Comics Code Authority becomes an artifact

The Comics Code Authority was created in 1954 after public and congressional concern over violence in comics. Think of it as an early MPAA rating – making sure every comic publisher who wanted to sell a comic with the stamp of approval had to refrain from certain content.

Newsarama reports that Archie Comics and DC comics have announced they are replacing the CCA with their own rating system. Mavel dropped it a decade ago.

Pellerito told Newsarama the decision to drop the Code from all Archie comics was actually made a while ago, and the organization hasn’t submitted comics for approval for “a year or more.” However, they did not plan to announce the change until DC went public with its decision, which prompted an inquiry from Newsarama.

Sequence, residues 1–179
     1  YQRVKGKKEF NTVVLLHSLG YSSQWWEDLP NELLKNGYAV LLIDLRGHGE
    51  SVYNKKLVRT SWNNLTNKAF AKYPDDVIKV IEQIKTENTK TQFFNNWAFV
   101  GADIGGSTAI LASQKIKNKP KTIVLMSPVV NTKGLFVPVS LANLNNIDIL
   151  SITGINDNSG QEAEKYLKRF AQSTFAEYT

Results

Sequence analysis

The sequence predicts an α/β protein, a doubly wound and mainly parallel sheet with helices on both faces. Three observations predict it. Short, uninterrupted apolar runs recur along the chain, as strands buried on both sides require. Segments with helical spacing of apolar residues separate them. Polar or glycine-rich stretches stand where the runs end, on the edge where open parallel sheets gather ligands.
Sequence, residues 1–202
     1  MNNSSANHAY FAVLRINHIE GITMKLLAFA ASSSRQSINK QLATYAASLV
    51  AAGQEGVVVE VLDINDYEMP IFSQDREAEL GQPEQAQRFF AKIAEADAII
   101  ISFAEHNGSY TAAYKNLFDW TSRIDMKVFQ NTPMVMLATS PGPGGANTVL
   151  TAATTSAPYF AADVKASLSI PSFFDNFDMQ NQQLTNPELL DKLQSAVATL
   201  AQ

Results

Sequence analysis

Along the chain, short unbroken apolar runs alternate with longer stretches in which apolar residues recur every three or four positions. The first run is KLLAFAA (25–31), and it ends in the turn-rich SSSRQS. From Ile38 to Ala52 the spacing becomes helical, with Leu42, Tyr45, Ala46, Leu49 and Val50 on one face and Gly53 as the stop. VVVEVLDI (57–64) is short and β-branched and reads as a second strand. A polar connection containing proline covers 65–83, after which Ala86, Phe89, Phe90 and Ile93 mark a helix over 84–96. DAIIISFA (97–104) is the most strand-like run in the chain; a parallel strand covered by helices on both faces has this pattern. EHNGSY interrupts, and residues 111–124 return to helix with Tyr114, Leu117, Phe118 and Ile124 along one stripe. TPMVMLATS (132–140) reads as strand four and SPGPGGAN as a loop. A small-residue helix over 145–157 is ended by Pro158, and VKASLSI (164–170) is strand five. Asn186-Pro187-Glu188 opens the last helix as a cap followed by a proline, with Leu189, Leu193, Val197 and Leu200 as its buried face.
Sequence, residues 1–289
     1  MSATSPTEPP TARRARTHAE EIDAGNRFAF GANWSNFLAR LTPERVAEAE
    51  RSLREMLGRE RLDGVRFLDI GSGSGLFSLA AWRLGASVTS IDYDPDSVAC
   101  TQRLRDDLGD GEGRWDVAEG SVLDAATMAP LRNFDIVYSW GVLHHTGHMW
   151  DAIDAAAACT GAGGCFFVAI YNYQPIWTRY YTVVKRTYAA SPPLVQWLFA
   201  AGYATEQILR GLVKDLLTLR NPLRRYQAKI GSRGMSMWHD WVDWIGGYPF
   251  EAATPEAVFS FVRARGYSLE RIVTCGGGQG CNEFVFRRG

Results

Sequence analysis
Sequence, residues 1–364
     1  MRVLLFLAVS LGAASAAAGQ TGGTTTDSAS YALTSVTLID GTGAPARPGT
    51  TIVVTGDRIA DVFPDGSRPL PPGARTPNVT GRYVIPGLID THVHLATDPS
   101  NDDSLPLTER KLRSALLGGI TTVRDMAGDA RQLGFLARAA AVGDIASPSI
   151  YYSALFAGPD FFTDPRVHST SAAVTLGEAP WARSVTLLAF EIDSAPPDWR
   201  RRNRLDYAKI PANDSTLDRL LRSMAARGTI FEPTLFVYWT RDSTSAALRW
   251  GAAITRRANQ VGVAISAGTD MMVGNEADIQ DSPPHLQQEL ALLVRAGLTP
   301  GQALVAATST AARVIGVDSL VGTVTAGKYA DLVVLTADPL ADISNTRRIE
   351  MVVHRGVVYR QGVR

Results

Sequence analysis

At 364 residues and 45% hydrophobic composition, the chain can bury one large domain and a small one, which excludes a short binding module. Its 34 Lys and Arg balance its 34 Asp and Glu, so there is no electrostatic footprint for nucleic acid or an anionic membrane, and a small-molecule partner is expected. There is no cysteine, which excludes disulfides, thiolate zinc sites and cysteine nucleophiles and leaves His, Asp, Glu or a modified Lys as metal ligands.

DC and Archie were one of the last remaining comic publishers still submitting their work for seal approval. Without them, the Authority is pretty much defunct.

3 thoughts on “Comics Code Authority becomes an artifact

  1. I can predict:
    Superman – Rated Teen
    Batman – Rated Teen
    Archie – Rated G
    Sonic – Rated PG

  2. Why not produce comics for the mass audience and allow everyone to enjoy them? What’s wrong with that?

Comments are closed.